Category Archives: Book Reviews

Unselfie: Why Empathetic Kids Succeed in Our All-about-me World by Michele Borba

Children and adolescents with greater empathy tend to be happier, more successful, more resilient, and more critical in their thinking. Dr. Michele Borba, educational psychologist and psychology expert on several TV programs, argues in Unselfie: Why Empathetic Kids Succeed in



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The Gift of Failure: How the Best Parents Learn to Let Go So Their Children Can Succeed by Jessica Lahey

Imagine your son leaving for school with his homework forgotten on the kitchen table or your daughter’s soccer coach consistently giving her less playing time than you think she deserves. Jessica Lahey, middle school teacher, New York Times columnist, and



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The Formative Five: Fostering Grit, Empathy, and Other Success Skills Every Student Needs by Thomas R. Hoerr

“Who you are is more important than what you know.” This principle forms the basis of The Formative Five: Fostering Grit, Empathy, and Other Success Skills Every Student Needs. Author Thomas R. Hoerr, who served as the head of the



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The Nurture Effect: How the Science of Human Behavior Can Improve Our Lives and Our World by Anthony Biglan, PhD

What if there existed a secret recipe for curing nearly all of our most serious societal ills? Dr. Anthony Biglan, a Senior Scientist at the Oregon Research Institute and an expert on the prevention of problematic behaviors in children and



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Counting What Counts: Reframing Education Evaluation by Yong Zhao

In our quest to assess and compare educational outcomes of students, teachers, schools, districts, states, and nations might we be losing sight of the characteristics of a fulfilling educational experience? Counting What Counts: Reframing Education Evaluation, a 2016 book edited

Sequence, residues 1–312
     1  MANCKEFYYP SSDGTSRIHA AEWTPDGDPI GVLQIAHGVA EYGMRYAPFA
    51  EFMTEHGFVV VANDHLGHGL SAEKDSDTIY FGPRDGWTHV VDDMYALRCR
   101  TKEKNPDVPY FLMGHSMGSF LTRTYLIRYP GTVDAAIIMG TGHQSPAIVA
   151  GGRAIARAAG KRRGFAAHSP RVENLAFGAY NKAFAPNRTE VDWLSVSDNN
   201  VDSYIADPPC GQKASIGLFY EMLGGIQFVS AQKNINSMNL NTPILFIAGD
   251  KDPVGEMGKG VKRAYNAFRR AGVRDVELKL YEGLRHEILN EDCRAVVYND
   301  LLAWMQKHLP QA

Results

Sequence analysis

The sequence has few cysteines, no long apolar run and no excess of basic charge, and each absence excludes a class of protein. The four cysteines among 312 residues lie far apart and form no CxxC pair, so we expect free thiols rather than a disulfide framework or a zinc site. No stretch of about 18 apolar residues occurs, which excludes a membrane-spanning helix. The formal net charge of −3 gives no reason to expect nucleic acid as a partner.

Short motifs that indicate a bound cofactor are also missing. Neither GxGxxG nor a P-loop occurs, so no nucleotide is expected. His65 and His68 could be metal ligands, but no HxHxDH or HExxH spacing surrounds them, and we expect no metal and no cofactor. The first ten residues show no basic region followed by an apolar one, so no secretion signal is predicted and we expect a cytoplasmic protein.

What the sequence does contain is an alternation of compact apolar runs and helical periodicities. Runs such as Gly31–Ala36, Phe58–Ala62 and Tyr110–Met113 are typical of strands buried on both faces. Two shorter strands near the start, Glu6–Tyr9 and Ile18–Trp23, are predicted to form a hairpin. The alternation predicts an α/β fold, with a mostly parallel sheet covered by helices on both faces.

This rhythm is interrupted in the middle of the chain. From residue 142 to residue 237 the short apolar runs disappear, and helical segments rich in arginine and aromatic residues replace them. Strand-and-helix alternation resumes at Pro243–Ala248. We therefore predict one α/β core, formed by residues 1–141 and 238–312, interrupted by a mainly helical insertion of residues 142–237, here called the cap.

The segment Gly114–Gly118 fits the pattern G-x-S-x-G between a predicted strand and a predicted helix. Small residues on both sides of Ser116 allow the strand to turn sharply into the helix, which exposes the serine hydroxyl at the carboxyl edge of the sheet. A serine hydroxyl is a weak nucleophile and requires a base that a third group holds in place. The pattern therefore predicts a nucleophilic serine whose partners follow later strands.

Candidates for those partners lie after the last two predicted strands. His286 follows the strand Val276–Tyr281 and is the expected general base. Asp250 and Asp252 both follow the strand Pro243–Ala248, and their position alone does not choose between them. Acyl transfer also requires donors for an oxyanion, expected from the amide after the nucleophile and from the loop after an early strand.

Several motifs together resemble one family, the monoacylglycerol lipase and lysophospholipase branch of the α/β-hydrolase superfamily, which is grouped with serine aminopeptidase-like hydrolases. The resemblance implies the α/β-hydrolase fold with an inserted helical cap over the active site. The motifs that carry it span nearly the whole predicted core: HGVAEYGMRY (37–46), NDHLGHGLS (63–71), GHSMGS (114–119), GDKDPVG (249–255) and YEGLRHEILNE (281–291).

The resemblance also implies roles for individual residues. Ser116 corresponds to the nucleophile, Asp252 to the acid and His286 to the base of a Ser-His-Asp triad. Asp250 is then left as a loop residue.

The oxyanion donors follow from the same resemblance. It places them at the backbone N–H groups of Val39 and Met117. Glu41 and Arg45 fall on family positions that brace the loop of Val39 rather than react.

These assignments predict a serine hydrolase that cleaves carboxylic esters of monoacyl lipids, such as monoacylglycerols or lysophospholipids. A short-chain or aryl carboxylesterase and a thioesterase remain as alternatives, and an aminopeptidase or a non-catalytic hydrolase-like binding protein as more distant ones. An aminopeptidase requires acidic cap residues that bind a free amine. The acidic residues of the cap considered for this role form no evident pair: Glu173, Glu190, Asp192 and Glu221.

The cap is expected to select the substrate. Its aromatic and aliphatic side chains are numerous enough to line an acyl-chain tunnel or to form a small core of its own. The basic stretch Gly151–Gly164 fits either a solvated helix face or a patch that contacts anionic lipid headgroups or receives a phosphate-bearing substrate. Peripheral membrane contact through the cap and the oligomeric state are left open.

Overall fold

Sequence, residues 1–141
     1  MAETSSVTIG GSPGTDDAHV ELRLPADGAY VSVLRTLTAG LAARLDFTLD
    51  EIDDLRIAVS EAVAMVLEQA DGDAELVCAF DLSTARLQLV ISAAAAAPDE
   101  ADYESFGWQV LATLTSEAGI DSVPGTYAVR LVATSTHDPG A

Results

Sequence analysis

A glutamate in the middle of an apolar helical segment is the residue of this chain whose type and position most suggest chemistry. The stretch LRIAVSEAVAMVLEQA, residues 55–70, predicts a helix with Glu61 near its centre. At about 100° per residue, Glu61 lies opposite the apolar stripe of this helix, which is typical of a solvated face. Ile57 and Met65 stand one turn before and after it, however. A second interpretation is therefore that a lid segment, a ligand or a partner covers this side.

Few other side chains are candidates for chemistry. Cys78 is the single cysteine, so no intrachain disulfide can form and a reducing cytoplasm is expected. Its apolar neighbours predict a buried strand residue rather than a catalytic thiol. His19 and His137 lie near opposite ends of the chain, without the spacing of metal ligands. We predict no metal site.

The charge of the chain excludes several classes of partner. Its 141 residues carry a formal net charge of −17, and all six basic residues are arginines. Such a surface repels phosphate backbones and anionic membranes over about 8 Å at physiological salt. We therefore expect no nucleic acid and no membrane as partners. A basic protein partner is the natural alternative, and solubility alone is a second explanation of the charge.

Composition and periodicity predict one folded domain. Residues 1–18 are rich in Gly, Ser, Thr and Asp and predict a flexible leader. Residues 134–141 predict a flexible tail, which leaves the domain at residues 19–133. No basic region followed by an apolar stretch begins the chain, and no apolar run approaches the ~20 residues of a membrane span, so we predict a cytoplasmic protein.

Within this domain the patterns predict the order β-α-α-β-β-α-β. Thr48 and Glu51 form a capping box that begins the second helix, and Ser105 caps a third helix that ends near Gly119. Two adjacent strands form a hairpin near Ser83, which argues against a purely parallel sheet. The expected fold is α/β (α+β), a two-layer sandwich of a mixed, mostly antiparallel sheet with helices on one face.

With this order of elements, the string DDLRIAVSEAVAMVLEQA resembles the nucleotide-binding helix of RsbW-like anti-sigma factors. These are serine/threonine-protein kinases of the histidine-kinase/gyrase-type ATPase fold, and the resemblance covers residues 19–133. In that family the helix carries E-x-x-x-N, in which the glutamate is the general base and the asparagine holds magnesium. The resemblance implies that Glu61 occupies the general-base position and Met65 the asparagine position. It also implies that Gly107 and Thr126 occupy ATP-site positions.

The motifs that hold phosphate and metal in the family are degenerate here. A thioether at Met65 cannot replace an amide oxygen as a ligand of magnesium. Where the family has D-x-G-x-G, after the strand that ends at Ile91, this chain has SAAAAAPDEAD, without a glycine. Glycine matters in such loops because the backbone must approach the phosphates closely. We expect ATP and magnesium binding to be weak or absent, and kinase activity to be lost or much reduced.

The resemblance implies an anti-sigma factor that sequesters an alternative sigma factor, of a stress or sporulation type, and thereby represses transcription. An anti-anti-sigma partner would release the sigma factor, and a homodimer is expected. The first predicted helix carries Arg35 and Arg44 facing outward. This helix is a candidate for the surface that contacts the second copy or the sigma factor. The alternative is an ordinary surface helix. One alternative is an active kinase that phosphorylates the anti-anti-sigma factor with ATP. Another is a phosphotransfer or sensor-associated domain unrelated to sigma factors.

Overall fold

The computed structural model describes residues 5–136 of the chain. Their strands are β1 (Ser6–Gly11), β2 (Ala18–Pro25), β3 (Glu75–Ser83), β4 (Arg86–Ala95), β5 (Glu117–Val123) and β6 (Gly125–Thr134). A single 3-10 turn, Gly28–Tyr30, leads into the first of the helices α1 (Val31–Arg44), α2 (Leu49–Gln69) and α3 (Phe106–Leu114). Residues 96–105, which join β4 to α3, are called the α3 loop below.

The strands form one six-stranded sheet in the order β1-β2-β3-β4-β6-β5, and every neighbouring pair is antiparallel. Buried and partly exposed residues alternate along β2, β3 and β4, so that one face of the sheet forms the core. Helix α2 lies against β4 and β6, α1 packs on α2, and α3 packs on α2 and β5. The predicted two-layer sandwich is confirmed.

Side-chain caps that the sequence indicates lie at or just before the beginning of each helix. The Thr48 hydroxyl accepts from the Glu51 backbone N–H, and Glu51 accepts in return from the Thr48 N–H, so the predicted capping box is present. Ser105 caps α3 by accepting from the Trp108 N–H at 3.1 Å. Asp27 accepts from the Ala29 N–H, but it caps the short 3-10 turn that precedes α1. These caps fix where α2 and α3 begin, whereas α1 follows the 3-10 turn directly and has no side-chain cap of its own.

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A Field Guide to Lies: Critical Thinking in the Information Age by Daniel J. Levitin

Never has it been so easy to acquire a breadth of information rapidly. At the same time there is a proliferation of misinformation and manipulative assertions. Information seekers must learn to be critical consumers. In A Field Guide to Lies:



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The ABCs of How We Learn: 26 Scientifically Proven Approaches, How They Work, and When to Use Them by Daniel Schwartz, Jessica Tsang and Kristen Blair

A uniquely actionable new book of learning sciences principles that can improve teaching and learning has come in the form of The ABC’s of How We Learn: 26 Scientifically Proven Approaches, How They Work, and When to Use Them. This



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Grit: The Power of Passion and Perseverance by Angela Duckworth

Angela Duckworth, professor of psychology at the University of Pennsylvania and a 2013 MacArthur Genius Fellow, is driven by a desire to “use psychological science to help kids thrive.” Her new book, Grit: The Power of Passion and Perseverance can



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What Kind of Citizen?: Educating Our Children for the Common Good by Joel Westheimer

Schools may be vehicles for achieving our idealized society because they allow us to mold young people to bring about positive societal change. As such, we need to make careful choices about what and how we teach students. Dr. Joel



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Most Likely to Succeed: Preparing Our Kids for the Innovation Era by Tony Wagner and Ted Dintersmith

Tony Wagner, a life-long educator and the author of Creating Innovators and The Global Achievement Gap, and Ted Dintersmith, a venture capitalist and the executive producer and funder of the documentary Most Likely to Succeed, argue that schools are stifling



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